Govt agrees to 'exempt' property and casualty insurance

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November 04, 2013

Lobbying by the property and casualty insurance sector has resulted in a decision by the government to also exempt this part of the insurance industry from VAT, in addition to the health and life sector, Guardian Business can reveal.

Speaking on Guardian Talk Radio's Morning Blend show on Friday, Ishmael Lightbourne, VAT consultant to the government, confirmed that the government has now determined that it will treat all insurance products alike under the new VAT regime.

"We had very good discussions with the property and casualty and health and life insurers, and all of them now are going to deal with as exempt, we hope, in terms of how they are dealt with, rather than vatable, which is something that they are asking for.

"The entire insurance industry now is going to be looked at as exempt," stated Lightbourne.

Sector participants had earlier described the government as "splitting" the industry, by opting to have health and life insurance treated as "VAT exempt" - with no VAT eligible to be added to premiums - while property and casualty would be "vatable."

This would have resulted in a direct 15 percent cost burden on insured individuals, leading to more uninsured drivers and property, suggested some in the sector. The VAT looked set to be added on top of a premium tax already levied on the sector.

VAT exempt, then, was seen as a "lesser of two evils" scenario, with some insurers noting that to be "zero-rated" - eligible to receive credits for VAT paid on inputs while also not charging VAT to consumers - would have been ideal. The government has indicated that zero-rated status will only be offered to exporters under the new VAT regime, given that VAT is a tax on consumption and those consuming their products will be abroad.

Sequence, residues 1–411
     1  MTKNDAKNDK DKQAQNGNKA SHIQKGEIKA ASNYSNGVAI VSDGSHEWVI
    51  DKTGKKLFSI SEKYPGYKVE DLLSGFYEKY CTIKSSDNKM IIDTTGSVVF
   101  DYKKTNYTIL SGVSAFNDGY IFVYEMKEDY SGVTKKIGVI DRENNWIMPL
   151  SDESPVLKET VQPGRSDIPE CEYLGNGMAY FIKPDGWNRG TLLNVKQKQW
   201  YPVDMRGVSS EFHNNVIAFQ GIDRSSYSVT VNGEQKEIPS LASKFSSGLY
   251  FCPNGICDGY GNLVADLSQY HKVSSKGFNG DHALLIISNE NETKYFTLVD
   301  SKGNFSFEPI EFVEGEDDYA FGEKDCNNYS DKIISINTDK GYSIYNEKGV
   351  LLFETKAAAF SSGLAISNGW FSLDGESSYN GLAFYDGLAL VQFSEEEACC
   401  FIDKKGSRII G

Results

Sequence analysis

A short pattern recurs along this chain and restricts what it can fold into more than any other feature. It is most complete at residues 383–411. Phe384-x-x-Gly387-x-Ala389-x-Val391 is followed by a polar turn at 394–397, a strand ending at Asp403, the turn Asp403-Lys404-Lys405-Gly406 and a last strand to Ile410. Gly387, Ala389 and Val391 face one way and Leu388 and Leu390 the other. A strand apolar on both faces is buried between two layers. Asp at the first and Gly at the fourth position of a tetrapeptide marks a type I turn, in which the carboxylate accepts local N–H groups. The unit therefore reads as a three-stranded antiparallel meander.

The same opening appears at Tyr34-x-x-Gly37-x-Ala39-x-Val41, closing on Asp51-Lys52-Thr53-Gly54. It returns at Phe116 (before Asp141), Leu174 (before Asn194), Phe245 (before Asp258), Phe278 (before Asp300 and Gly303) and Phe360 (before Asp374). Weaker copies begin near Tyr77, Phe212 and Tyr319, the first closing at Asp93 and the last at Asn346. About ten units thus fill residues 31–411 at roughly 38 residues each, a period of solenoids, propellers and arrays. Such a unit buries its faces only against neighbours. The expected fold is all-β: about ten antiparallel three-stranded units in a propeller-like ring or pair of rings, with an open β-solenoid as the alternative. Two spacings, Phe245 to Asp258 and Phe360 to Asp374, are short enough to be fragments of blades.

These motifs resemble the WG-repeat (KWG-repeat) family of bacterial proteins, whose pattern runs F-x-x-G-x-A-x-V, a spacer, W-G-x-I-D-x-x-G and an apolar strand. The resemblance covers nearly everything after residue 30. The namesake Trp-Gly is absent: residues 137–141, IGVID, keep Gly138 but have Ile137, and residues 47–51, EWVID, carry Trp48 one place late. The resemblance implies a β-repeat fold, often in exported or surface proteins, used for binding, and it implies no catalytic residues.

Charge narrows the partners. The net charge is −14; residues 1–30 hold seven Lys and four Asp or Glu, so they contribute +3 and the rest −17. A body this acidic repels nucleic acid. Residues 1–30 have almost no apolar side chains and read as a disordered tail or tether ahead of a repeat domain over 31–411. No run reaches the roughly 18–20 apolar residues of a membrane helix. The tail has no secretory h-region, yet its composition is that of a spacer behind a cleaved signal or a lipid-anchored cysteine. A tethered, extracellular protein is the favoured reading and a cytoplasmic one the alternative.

On Friday Vibert Williams, managing director at the Netherlands Antilles General Insurance Company, said he had that morning heard of the possibility the property and casualty insurance may be made VAT exempt.

While emphasizing that until he "sees it on paper" he cannot be convinced this is the case, Williams said this should minimize the impact of VAT on costs to insured individuals.

"If it were true, and we don't know that it is yet, we haven't seen any documentation, but if it is, it would go some way towards easing a potential burden on the insured who would not have to pay a 15 percent on their premiums.

"That said, it just means all insurance companies' expenses are about to go up by at least 15 percent and some may still be forced to increase insurance premiums," said Williams.

Other property and casualty insurers could not be reached for comment yesterday.

However, Williams' comments reflect the concerns of many who have been placed in the "VAT exempt" category, including nonprofit organizations, who fear that while they will not have the additional cost to themselves and their customers of having to collect and remit VAT, they will face higher costs on their inputs that they - unlike VAT registrants - will not be able to claim credits for.

Within the property and casualty sector, such costs would involve VAT to be paid for lawyer's fees, adjuster's fees, cost of repairs to vehicles and contractors for repair of damages, for example.

Click here to read more at The Nassau Guardian

News date : 11/04/2013    Category : Business, Nassau Guardian Stories

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